J. C. Stobart

From Wikipedia, the free encyclopedia
Jump to navigation Jump to search

John Clarke Stobart (5 March 1878 – 11 May 1933), commonly known as J. C. Stobart, was a classical scholar, a University of Cambridge lecturer, an HM Inspector of Schools and the BBC's first Director of Education.[1][2]

Early life[edit]

Known as 'Jack' to his relations and friends, Stobart was born in Swyre Rectory, Dorset, England, on 5 March 1878. His father, William Stobart, was the Rector, his mother was Susan Elizabeth (née Morris), the daughter of a farmer in Rutland, and he had two elder sisters. Soon after his birth his father was appointed Rector of Bermondsey in London and the family moved to London. He was educated at Rugby School and as a Bell Scholar at Trinity College Cambridge, obtaining his BA in 1901 (MA in 1904).[3] He also studied briefly at Greifswald University in Germany and in Edinburgh, before becoming a teacher at Merchant Taylor's School in London.[citation needed]

In 1904, he married Mary Currey Gibson, daughter of the Reverend Thomas Gibson, Vicar of St Sepulchre's in London. They had two daughters, Elizabeth and Margaret, both born in Cambridge, where in 1907 Stobart became a lecturer at Trinity College. Two years later he was appointed one of His Majesty's Inspectors of Schools and during the First World War worked for the Ministry of Munitions before acting as Assistant Secretary to the British War Cabinet of 1917–18.[citation needed]


After the war, he helped organise the 1924 British Empire Exhibition at Wembley and in 1925 joined the BBC as its first Director of Education. He was responsible for two long-lasting programmes, Children's Hour and The Epilogue and according to one source suggested the BBC's motto, 'Nation Shall Speak Peace Unto Nation]'.[4] He also proposed creating a new cultural network, to be named the Minerva programme, after the Roman goddess of wisdom, but this idea was turned down and was not realised until the creation of 'The Third Programme' at the end of the Second World War.

Stobart became well-known all over the world for his regular New Year's Eve broadcast, 'The Grand Good-night'. He was dying of diabetes when he broadcast his last Grand Good-night on 31 December 1932, from his bedroom in Kensington.[citation needed]


Much of the humour, charm and enthusiastic optimism mentioned in his many obituaries still comes across from the friendly, lucid style of his two most famous books, whose 'point of view', according to his Preface to The Grandeur that was Rome, 'is that of humanity and the progress of civilisation'. The books were ground-breaking and successful partly because of their popular as well as scholarly approach and partly because they included what were then newly sumptuous photographic illustrations.

Stobart writes in his Preface: 'The pictures are an integral part of my scheme. It is not possible with Rome, as it was with Greece, to let pictures and statues take the place of wars and treaties. Wars and treaties are an essential part of the Grandeur of Rome...the pictures are chosen so that the reader's eye may be able to gather its own impression of the Roman genius.'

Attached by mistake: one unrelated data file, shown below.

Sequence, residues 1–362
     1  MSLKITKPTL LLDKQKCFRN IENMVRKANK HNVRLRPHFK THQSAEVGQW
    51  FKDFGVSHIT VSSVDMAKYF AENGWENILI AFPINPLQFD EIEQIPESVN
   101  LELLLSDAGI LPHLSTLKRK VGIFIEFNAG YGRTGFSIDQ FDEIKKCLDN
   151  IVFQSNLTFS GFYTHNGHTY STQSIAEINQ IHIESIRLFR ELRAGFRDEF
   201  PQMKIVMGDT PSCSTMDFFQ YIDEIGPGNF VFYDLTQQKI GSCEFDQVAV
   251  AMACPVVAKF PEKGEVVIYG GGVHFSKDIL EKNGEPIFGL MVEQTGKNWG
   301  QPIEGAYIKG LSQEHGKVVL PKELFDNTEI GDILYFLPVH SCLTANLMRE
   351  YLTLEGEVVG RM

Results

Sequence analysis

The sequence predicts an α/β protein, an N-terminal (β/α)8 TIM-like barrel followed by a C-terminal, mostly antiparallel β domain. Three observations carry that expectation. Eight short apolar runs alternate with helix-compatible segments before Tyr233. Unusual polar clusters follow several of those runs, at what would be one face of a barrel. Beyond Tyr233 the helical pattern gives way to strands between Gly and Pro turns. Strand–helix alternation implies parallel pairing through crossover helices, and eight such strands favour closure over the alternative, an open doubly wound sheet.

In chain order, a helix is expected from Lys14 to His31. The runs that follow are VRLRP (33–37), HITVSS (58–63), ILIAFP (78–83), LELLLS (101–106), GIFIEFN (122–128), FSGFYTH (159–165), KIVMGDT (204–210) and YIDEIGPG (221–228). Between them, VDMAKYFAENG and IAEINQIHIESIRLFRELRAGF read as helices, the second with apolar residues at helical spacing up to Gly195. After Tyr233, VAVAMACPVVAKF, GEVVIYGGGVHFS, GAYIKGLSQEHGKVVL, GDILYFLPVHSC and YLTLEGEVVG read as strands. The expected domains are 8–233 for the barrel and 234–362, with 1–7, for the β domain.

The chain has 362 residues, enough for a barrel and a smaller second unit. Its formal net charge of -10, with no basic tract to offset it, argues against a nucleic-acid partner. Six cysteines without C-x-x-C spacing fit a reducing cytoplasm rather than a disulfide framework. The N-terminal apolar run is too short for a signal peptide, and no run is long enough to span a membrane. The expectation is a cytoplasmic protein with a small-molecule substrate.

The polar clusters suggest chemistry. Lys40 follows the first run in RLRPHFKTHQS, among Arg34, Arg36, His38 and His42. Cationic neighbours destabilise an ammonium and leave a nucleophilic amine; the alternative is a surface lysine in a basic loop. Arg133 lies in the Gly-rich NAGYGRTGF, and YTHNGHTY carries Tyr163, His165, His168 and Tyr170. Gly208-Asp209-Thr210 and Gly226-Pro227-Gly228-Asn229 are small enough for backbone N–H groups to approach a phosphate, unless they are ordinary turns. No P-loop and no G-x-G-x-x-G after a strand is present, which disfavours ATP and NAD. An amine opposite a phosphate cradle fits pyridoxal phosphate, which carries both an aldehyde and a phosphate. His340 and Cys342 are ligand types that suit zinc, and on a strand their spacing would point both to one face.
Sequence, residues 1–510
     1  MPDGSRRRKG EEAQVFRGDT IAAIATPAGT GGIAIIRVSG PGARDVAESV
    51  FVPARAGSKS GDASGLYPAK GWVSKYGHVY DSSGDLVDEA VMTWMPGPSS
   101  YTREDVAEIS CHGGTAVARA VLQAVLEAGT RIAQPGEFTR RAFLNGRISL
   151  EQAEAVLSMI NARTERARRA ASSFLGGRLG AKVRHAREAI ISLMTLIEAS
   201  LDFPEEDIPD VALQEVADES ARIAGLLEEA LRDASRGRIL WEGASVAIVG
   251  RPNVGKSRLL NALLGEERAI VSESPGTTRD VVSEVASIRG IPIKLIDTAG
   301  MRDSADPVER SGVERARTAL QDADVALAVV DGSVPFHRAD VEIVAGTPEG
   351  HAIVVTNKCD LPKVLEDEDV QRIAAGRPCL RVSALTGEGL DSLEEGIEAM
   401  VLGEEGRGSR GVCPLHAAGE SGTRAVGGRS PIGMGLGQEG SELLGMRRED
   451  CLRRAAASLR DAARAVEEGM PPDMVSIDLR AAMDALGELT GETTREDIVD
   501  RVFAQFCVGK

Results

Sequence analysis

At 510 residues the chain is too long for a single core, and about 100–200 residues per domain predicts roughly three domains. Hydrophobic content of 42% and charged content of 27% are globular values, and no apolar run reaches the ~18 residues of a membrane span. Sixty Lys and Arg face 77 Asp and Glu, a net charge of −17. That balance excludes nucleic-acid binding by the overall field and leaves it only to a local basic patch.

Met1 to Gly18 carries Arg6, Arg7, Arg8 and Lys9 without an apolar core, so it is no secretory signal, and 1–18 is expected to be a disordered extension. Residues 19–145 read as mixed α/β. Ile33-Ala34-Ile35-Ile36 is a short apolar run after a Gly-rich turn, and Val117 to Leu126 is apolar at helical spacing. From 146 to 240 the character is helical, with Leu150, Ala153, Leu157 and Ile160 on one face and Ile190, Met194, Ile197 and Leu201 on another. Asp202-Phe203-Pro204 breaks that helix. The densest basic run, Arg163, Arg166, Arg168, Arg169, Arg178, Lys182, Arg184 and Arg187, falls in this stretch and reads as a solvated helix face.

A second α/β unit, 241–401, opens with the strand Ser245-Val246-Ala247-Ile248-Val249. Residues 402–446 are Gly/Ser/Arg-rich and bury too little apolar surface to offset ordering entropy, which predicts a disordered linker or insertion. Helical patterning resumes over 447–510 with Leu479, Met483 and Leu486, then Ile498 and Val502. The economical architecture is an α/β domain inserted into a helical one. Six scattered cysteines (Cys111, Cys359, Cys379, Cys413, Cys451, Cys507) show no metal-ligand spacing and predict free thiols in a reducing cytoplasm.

He disagrees with Edward Gibbon's pessimistic view of the Decline and Fall of the Roman Empire, pointing out that 'The mere notion of empire continuing to decline and fall for five centuries is ridiculous' and remarking that 'this is one of the cases which prove that History is made not so much by heroes or natural forces as by historians', since 'if all the Roman historians had perished and only the inscriptions remained we should have a very different picture of the Roman Empire, a picture much brighter and, I think, much more faithful to truth.' He admires the Romans for their law, discipline, engineering and especially their sanitation, but it is clear that he prefers the Greeks for their art, philosophy, mathematics and literature.[citation needed]


Stobart wrote and edited several other books on English and Classical literature. Two books, The Divine Spark and The Gospel of Happiness were published posthumously. He died on 11 May 1933, at his country cottage next to West Byfleet golf-course in Surrey and was buried at Old Byfleet, where his grave can still be seen. The offer of a knighthood was in the post when he died.[citation needed]

His daughter, Elizabeth Frances, married Antony Cuthbert Spurling (1906-1984), QC, resident magistrate and Crown Counsel at Kisumu and Nairobi, later Solicitor-General of Trinidad, and Attorney-General of Gambia and of Sierra Leone,[5][6] and was mother of the playwright and author John Spurling (author).[7][8]

Major works[edit]

  • The Glory That Was Greece (1911), ISBN 0-283-48455-1
  • The Grandeur That Was Rome (1912), ISBN 0-312-03101-7


  1. ^ https://research.reading.ac.uk/centre-for-book-cultures-and-publishing/the-glory-and-the-grandeur-john-clarke-stobart-and-the-defence-of-high-culture-in-a-democratic-age
  2. ^ https://www.bbc.com/historyofthebbc/anniversaries/september/the-epilogue
  3. ^ "Stobart, John Clarke (STBT897JC)". A Cambridge Alumni Database. University of Cambridge.
  4. ^ "Nation Shall Speak Peace Unto Nation". Archived from the original on September 26, 2006. Retrieved September 26, 2006.CS1 maint: unfit URL (link)
  5. ^ The Colonial Office List, H.M. Stationery Office, 1951, p. 643
  6. ^ https://www.ukwhoswho.com/view/10.1093/ww/9780199540891.001.0001/ww-9780199540884-e-169342?rskey=TeX0li&result=193
  7. ^ http://www.johnspurling.com/about.html
  8. ^ Evory, Ann, ed. (1981). "Spurling, John 1936-". Contemporary Authors. New Revision. 1. Detroit: Gale Research Company. p. 621. ISBN 0810319306.

External links[edit]